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  • Reshaping Social Theory From Complexity and Ecological Perspectives.John Smith & Chris Jenks - 2013 - Thesis Eleven 114 (1):61-75.
    This article argues that Durkheim’s founding insight – uniquely social phenomena – presents us with both a foundation for the discipline of sociology and the risk that the discipline will become isolated. This, we argue, has happened. Our contention is that the emergent social phenomena need to be understood in relation to, but not reduced to, their biological and psychological substrates. Similarly, there are a number of other characteristics, notably of self-organization, which are distinguishing properties of social phenomena but also (...)
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  • Heuristic Strategies in Systems Biology.Fridolin Gross - 2016 - Humana Mente 9 (30).
    Systems biology is sometimes presented as providing a superior approach to the problem of biological complexity. Its use of ‘unbiased’ methods and formal quantitative tools might lead to the impression that the human factor is effectively eliminated. However, a closer look reveals that this impression is misguided. Systems biologists cannot simply assemble molecular information and compute biological behavior. Instead, systems biology’s main contribution is to accelerate the discovery of mechanisms by applying models as heuristic tools. These models rely on a (...)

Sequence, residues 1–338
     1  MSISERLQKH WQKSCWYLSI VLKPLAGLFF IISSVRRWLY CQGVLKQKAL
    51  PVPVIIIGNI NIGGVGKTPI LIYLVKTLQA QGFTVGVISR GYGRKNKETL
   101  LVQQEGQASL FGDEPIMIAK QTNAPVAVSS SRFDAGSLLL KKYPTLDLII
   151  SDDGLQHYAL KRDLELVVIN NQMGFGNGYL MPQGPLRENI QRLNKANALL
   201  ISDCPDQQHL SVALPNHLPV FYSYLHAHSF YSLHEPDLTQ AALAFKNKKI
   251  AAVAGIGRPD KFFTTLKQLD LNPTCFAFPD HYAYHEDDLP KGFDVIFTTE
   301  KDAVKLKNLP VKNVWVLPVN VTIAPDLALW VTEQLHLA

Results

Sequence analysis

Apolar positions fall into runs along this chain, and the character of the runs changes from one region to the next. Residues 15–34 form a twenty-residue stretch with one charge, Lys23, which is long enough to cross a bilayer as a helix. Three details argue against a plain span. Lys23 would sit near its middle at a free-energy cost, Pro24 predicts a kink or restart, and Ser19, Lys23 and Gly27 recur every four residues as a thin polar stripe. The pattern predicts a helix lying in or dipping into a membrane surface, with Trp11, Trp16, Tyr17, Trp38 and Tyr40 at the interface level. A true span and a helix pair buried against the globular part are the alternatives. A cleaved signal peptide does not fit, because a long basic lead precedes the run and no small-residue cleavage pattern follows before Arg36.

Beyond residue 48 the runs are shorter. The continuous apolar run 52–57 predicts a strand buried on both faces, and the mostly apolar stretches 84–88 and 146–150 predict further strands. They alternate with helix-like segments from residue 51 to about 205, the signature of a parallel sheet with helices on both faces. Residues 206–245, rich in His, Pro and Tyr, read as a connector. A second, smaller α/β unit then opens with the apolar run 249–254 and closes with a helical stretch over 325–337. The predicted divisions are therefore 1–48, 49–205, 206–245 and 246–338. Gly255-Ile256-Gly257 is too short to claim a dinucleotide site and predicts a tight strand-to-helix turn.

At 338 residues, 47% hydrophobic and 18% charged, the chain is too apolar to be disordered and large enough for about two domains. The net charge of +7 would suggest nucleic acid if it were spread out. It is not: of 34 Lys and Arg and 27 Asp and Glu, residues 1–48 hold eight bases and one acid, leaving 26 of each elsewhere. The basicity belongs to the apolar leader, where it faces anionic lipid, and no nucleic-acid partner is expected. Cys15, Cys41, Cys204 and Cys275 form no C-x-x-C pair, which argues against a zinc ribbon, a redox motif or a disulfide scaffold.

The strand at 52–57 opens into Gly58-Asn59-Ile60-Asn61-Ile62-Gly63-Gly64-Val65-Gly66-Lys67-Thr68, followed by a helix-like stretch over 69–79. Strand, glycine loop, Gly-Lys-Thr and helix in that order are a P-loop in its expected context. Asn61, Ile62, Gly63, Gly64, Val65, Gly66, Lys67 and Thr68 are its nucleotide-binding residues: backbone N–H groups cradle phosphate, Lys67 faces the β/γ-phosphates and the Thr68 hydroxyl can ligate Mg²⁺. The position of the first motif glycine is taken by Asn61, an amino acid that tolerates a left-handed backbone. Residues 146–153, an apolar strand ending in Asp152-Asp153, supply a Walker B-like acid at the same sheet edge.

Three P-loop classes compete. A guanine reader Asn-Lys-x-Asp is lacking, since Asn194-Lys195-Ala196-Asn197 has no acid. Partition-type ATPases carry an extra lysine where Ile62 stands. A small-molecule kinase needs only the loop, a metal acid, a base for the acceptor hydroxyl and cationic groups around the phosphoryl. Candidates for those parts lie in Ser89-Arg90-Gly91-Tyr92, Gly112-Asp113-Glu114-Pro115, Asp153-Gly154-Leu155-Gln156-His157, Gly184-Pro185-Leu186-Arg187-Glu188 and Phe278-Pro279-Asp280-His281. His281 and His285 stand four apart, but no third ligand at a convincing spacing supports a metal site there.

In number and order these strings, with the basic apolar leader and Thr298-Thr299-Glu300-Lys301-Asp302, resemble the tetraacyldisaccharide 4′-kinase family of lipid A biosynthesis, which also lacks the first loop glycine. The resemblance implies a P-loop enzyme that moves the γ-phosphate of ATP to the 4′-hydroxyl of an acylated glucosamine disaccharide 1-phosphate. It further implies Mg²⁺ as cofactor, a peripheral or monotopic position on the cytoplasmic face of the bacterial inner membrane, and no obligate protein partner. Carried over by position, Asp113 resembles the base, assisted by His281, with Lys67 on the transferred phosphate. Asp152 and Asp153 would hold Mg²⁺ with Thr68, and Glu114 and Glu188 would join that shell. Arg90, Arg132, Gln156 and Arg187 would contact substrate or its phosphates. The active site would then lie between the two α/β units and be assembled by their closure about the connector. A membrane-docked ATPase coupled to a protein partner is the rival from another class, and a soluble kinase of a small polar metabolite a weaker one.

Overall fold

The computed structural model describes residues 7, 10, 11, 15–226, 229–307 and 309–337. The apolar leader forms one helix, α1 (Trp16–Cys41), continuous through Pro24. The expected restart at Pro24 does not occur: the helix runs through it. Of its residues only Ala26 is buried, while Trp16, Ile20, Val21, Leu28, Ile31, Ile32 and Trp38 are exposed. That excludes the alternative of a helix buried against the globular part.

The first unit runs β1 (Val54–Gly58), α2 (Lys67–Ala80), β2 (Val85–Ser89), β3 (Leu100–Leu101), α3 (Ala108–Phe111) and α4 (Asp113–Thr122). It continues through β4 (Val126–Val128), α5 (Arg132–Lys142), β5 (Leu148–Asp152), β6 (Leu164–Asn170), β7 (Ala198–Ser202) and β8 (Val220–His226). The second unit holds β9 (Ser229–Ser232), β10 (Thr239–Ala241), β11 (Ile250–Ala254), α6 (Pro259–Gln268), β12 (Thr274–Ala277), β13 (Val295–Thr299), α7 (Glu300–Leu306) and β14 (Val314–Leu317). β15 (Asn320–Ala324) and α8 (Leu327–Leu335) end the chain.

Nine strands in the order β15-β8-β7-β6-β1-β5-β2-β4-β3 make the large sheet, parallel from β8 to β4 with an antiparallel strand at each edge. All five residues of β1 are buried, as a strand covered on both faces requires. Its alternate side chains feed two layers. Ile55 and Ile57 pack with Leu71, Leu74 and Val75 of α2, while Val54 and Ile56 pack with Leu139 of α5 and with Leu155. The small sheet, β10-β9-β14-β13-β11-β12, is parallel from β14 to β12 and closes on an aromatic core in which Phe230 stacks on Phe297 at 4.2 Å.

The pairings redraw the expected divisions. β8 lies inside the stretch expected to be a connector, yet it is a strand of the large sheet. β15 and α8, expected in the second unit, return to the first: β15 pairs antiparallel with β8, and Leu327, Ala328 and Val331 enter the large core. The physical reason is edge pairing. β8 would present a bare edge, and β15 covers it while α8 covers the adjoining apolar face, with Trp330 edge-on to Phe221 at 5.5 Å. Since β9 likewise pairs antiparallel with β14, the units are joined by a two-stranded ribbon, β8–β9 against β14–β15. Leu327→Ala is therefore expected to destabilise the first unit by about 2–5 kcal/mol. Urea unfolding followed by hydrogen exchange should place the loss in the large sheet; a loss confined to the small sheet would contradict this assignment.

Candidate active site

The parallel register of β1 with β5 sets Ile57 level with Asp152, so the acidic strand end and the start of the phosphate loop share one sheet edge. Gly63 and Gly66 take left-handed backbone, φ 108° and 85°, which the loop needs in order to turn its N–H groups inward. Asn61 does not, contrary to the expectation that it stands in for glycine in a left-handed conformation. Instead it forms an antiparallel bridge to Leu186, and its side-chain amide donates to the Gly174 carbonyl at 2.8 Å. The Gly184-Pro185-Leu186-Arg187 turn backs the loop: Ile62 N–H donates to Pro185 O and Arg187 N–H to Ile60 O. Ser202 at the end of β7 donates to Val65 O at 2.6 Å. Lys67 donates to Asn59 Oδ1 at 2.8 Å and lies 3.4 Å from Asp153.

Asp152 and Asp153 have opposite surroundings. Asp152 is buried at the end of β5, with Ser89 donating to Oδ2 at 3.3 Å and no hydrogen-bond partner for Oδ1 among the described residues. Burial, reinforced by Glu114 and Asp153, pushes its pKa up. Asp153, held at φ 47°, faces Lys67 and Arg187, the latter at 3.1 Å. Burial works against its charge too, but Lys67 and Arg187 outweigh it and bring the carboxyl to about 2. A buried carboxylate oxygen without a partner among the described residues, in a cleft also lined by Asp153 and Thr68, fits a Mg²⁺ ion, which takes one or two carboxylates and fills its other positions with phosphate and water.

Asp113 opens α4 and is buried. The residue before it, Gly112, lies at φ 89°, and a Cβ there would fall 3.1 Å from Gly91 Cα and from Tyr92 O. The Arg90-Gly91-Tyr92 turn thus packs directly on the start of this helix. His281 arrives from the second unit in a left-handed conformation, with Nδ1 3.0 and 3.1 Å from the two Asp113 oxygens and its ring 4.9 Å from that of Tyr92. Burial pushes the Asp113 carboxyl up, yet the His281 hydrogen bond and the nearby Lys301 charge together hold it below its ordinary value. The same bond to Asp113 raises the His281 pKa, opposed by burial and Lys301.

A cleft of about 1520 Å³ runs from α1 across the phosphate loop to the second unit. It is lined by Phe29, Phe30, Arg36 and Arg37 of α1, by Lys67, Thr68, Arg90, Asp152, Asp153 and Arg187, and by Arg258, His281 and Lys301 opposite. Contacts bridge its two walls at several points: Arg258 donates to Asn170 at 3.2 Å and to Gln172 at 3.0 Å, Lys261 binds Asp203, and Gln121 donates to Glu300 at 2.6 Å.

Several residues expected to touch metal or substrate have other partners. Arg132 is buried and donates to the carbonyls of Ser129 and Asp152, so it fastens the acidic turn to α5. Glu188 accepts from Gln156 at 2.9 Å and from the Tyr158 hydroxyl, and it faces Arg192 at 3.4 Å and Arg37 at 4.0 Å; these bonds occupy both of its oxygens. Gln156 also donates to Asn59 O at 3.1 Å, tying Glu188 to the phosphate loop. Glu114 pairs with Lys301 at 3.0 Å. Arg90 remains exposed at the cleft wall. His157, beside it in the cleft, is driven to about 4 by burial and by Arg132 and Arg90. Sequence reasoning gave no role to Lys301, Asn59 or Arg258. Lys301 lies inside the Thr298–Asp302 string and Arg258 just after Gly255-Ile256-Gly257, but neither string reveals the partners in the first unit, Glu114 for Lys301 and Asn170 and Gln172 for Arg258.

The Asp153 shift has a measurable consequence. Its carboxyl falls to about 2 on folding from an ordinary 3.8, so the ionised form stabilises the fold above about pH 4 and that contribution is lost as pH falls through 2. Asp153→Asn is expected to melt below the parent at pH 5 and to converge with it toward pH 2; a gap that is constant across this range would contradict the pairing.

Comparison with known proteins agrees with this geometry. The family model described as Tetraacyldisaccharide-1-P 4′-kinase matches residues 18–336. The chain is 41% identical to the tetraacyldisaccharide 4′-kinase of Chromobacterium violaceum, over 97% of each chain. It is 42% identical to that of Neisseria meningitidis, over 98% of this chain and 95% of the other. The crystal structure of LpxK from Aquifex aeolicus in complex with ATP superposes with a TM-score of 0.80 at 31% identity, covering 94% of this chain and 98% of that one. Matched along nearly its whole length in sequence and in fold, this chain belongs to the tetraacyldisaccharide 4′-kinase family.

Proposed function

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  • Idealization and Abstraction in Models of Injustice.Leif Hancox‐Li - 2017 - Hypatia 32 (2):329-346.
    Charles Mills has argued against ideal theory in political philosophy on the basis that it contains idealizations. He calls for political philosophers to do more nonideal theory, namely political theory that pays more attention to the most visible oppressions in society, such as those based on race, gender, and class. Mills's argument relies on a distinction between idealization and abstraction. Idealizations involve adding false assumptions to one's model, which is unacceptable, whereas abstractions merely leave out details without undermining descriptive power. (...)